The DSM-5 is an improvement on the DSM-IV-T. It is “a manual for assessment and diagnosis of mental disorders, but it does not contain any information or guidelines for treatment of the listed disorders” (American Psychiatric Association 2014). The first step normally involves identifying the most suitable diagnosis after an assessment has been conducted. Clinicians rely on assessment information obtained from the manual to treat a given mental disorder effectively. In addition, they may also use the manual for certain medical conditions. DSM-5 also helps clinicians to evaluate the effectiveness of interventions. In addition, clinicians use dimensional assessments to evaluate progress of severity in clients based on the treatment administered (American Psychiatric Association 2014).
It currently contains about 400 disorders alongside their description criteria for diagnoses, major clinical features, and associated features that are common, but not always, found during assessment and diagnosis (American Psychiatric Association 2014).
The effectiveness of DSM-5 in assessment and diagnosis is determined through its reliability and validity. It is noted that DSM-5 is far much better in terms of reliability and validity relative to the previous versions and is therefore most likely to overcome concerns noted with the previous editions (Wakefield 2013).
Examples of abnormal psychology seen in community
The use of drugs and alcohol is an example of abnormal psychology common in a community. These substances when used have abilities to alter the normal body and mental functions. Although several substances that can cause harm to the body are common, alcoholic substances are the most common in most communities. They have impacts on behaviors and mood of people who abuse them. Alcoholism and misuse of other drugs are now the most prevalent problem in communities. Substance abuse may cause temporary mental disorders such as intoxication. In addition, chronic excessive abuse of substances could result in disorder. In fact, several psychological features or challenges have been linked to drug dependence and abuse. Craving is a common feature among alcoholics. Craving causes psychological dependence as drug addicts take more drugs to control their feelings.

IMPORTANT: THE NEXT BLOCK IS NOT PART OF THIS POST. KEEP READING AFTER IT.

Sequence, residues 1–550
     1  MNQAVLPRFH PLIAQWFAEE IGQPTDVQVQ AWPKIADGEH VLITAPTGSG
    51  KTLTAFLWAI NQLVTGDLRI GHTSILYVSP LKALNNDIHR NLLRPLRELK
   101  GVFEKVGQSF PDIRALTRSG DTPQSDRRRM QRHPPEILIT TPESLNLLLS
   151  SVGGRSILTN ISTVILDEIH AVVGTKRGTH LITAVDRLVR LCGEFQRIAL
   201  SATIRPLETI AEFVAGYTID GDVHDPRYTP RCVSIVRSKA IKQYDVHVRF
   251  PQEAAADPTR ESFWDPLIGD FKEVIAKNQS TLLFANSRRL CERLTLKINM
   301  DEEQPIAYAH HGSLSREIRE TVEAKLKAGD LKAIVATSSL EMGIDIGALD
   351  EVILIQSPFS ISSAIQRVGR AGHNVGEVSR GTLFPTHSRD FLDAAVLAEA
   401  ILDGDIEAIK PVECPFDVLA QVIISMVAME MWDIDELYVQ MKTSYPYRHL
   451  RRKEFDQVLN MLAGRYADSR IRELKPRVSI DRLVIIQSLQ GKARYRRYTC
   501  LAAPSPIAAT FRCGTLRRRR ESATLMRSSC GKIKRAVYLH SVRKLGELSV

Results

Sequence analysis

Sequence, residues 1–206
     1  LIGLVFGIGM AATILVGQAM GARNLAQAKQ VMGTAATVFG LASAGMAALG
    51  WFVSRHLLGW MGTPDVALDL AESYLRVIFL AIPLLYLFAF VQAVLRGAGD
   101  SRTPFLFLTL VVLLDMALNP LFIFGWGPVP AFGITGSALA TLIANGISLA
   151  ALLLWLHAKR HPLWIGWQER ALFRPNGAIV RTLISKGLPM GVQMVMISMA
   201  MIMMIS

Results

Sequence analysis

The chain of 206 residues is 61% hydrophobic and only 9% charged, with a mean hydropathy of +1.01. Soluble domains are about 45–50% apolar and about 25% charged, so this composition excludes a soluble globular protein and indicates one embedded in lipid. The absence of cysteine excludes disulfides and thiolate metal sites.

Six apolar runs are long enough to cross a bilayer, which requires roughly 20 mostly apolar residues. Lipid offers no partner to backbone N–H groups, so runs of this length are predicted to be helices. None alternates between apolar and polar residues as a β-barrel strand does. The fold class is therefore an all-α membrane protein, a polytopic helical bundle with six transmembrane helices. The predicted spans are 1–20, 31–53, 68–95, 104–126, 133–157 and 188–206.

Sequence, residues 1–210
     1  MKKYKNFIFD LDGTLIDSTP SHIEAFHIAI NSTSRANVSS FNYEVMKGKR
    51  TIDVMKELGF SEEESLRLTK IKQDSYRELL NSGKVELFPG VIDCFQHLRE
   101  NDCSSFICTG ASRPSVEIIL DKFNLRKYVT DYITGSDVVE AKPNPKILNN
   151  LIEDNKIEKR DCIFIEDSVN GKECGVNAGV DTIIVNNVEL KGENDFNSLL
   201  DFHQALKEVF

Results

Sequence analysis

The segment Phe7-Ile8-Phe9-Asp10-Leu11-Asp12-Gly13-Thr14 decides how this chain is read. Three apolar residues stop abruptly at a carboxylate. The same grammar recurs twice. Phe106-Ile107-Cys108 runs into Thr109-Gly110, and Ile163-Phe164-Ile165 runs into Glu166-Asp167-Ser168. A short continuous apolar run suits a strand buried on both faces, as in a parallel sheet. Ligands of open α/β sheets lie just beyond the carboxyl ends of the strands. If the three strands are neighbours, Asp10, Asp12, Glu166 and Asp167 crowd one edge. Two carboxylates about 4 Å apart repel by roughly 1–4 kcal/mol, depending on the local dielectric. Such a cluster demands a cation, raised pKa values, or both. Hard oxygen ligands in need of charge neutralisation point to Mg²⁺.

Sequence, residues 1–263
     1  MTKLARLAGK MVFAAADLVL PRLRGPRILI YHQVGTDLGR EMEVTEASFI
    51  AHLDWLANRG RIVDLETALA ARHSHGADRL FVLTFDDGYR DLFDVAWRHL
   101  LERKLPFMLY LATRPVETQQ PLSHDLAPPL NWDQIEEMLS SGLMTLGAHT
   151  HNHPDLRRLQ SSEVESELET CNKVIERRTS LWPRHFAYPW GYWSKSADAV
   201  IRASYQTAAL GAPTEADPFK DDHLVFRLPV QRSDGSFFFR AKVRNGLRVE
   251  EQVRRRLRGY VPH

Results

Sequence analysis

Clinicians can manage such mental disorders that result from substance abuse and dependence. While such individuals may try to stop without assistance, self-control efforts are not effective and normally short-lived. Thus, only professional assistance is necessary.
The paper has focused on clinical assessment, diagnosis and treatment of abnormal behaviors of clients as core elements of abnormal psychology. These three elements are interdependent and sequential when used in cases of mental disorders. The DSM-5 has been introduced to assist clinicians with clinical assessments, diagnoses and treatment of identified conditions. It is noteworthy that clinicians considered several reliable and valid factors to determine effective treatment. Alcoholism and abuse of other substances are example of abnormal psychology in communities.
American Psychiatric Association. About DSM-5. 2014. Web.
Seligman, Linda. Diagnosis and Treatment Planning in Counseling (3rd ed.). New York: Plenum, 2004. Web.
Wakefield, Jerome C. “DSM-5: An overview of changes and controversies.” Clinical Social Work Journal, 41 no. 2, (2013): 139–154. Web.